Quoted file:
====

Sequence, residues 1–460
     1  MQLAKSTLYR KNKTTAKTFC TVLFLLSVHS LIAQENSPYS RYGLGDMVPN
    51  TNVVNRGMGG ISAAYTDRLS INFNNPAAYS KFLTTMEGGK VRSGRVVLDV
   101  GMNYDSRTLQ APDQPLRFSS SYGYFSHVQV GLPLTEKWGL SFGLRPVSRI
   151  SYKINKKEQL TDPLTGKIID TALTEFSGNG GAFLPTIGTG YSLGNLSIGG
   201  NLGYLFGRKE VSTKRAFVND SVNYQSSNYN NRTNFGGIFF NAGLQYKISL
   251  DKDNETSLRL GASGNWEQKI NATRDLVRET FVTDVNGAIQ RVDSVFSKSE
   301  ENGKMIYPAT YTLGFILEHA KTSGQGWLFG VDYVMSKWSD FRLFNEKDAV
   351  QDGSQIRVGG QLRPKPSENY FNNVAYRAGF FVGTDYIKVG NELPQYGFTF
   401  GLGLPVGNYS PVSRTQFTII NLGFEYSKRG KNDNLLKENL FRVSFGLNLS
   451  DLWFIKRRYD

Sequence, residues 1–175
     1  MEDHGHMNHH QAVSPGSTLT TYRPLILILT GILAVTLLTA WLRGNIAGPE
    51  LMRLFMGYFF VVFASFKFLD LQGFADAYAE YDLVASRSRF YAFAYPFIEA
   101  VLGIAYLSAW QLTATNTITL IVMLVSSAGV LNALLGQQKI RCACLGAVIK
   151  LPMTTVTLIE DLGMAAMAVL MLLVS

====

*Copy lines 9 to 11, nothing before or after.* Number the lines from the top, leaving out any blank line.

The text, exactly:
   351  QDGSQIRVGG QLRPKPSENY FNNVAYRAGF FVGTDYIKVG NELPQYGFTF
   401  GLGLPVGNYS PVSRTQFTII NLGFEYSKRG KNDNLLKENL FRVSFGLNLS
   451  DLWFIKRRYD